Syosset business owners got a lesson from 's Ken Johnson on fire safety at Thursday's meeting. Johnson, the department's Fire Prevention Officer and former chief, offered tips to safeguard homes and businesses from common types of fires.
"When a fire starts, it has no boundaries; it goes where it wants and it does what it wants," said Johnson.
Some of the top reminders Johnson offered included:
- "Change your clocks, change your batteries."
Smoke detector batteries should be changed twice a year, and should be replaced altogether about every 10 years.
"When you buy a detector, write the date of purchase on the back," advised Johnson.
- Out in the open.
Make sure alarms are "out in the environment." Couches, drapes and other obstacles can skew readings on detectors, so make sure they are uncovered.
- Remember: P-A-S-S
"Pull, aim, squeeze, sweep," or PASS, is the best way to remember fire extinguisher operation.
And don't worry about the mess. Extinguishers are filled with nontoxic powder, so a quick vacuum is the only tool you will need after using one.
Bring old fire extinguishers to the Syosset Fire Department. "We can send them to be recharged, or dispose of old ones," said Johnson. "But if it's used, we'll be asking you why you didn't call us."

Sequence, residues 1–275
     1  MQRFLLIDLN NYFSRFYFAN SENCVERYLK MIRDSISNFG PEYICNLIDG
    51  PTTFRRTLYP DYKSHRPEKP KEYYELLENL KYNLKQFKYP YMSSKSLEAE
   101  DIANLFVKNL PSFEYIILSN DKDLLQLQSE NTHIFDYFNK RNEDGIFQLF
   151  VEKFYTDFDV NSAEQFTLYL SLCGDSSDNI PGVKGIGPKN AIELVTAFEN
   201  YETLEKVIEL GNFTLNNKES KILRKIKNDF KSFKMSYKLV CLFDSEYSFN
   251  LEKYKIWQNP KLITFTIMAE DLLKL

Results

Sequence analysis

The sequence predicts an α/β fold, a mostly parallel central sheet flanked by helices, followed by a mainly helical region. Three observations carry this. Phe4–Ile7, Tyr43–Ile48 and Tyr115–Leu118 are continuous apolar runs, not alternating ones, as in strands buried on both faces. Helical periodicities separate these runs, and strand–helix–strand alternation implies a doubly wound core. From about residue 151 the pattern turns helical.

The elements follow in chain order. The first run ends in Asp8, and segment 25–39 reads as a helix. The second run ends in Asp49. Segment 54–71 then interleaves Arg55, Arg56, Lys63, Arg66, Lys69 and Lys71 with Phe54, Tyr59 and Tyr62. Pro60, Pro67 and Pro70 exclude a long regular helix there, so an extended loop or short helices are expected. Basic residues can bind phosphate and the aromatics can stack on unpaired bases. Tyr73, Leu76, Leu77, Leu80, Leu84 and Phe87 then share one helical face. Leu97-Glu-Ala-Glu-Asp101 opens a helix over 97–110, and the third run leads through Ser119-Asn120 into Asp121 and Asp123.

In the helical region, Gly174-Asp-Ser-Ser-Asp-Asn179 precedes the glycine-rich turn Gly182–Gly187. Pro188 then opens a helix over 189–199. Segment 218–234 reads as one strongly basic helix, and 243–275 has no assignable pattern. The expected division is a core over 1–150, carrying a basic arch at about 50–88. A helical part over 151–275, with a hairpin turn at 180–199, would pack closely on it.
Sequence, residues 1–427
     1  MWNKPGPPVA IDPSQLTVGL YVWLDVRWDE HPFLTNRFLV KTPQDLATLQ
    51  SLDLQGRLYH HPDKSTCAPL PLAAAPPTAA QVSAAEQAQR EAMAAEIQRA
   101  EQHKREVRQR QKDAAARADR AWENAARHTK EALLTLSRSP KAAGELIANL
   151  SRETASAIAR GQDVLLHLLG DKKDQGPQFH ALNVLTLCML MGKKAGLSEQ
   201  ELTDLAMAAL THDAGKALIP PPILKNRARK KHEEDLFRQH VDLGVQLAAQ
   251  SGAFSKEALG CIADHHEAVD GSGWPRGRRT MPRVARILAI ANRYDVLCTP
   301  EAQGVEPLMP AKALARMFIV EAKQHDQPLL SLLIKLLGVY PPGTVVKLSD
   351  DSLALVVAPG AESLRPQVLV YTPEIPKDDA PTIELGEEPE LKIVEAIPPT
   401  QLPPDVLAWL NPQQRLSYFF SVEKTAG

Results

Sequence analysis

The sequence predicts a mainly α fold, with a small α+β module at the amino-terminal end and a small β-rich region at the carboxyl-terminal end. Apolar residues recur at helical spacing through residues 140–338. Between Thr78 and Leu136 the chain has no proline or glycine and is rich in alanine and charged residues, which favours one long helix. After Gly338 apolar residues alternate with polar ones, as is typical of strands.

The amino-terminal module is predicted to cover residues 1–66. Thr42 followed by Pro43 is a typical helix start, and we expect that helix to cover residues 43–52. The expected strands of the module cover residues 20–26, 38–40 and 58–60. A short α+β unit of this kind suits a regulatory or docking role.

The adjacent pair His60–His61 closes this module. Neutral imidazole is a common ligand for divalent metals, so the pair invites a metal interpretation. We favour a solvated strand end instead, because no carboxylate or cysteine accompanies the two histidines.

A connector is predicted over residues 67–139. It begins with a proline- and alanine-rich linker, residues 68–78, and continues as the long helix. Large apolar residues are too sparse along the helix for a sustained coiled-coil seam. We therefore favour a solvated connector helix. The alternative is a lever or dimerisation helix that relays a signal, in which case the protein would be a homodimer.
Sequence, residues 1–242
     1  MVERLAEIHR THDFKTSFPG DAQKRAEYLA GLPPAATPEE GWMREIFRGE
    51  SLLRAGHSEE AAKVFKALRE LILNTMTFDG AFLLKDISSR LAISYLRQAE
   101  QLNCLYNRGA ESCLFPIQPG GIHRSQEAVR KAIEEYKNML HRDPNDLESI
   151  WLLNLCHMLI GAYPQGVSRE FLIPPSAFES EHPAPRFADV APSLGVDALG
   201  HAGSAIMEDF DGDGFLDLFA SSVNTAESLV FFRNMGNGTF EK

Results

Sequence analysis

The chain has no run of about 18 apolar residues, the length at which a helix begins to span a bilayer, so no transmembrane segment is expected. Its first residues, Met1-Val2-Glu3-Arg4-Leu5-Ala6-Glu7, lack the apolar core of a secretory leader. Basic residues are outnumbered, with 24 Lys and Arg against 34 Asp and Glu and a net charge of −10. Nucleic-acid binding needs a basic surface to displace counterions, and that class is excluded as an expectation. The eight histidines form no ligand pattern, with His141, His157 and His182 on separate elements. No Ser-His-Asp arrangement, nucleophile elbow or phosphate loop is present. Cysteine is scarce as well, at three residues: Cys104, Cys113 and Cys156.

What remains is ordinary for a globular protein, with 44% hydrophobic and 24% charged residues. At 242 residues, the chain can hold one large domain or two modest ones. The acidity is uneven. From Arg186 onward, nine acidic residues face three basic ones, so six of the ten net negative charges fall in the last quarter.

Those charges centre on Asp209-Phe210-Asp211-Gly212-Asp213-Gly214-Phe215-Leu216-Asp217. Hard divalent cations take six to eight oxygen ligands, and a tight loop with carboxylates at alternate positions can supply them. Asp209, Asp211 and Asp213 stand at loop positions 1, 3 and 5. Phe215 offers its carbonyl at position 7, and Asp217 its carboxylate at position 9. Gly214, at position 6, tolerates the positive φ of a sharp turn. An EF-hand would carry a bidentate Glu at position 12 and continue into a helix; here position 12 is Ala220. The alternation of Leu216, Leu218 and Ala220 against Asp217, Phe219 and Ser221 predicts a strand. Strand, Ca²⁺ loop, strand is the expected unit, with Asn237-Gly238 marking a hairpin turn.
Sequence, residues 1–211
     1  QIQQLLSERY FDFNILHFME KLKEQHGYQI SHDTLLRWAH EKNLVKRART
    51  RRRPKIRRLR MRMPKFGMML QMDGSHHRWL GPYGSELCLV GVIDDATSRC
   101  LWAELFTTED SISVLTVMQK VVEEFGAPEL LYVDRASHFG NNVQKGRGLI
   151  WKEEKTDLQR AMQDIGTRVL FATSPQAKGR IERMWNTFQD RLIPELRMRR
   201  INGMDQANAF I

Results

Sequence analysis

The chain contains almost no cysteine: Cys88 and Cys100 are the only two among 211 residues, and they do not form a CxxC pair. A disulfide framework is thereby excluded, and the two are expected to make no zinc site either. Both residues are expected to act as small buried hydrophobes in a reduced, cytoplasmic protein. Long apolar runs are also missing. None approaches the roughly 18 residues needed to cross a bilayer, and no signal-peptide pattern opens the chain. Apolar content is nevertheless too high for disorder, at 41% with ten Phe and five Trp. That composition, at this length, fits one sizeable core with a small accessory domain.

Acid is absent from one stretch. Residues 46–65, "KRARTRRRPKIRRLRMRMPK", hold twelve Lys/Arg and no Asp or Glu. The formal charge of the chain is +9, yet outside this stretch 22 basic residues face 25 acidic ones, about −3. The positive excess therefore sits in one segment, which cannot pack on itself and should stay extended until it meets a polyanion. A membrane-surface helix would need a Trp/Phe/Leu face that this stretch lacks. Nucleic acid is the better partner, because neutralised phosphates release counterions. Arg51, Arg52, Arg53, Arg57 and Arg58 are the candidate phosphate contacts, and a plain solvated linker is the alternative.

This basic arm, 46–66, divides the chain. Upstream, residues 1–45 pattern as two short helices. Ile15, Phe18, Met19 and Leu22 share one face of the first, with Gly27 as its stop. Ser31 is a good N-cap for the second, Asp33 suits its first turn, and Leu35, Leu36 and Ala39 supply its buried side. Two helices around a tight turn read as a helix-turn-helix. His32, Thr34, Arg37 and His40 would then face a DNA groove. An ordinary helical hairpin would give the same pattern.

- More fires start in the kitchen than in any room of the house.
If the phone rings, grab something to hold in your hand while you talk. It will serve as a reminder that something is in or on the stove. However, the best thing to do is to either not talk on the phone at all while cooking, or to turn everything off while you're talking. Also, unplug your appliances when you're not using them.
- Flu-Like Symptoms
"Warm up your cars outside," said Johnson of a common wintertime issue. "Even with that big garage door open, carbon monoxide still flows into the house."
Carbon monoxide, the toxic, odorless gas, is not a hazard reserved for homes with oil burners. Any home is susceptible to CO overload, which is why it is just as important to have CO detectors on each floor of the house. Flu-like symptoms, like a headache and nausea, are indicators of poisonous levels.
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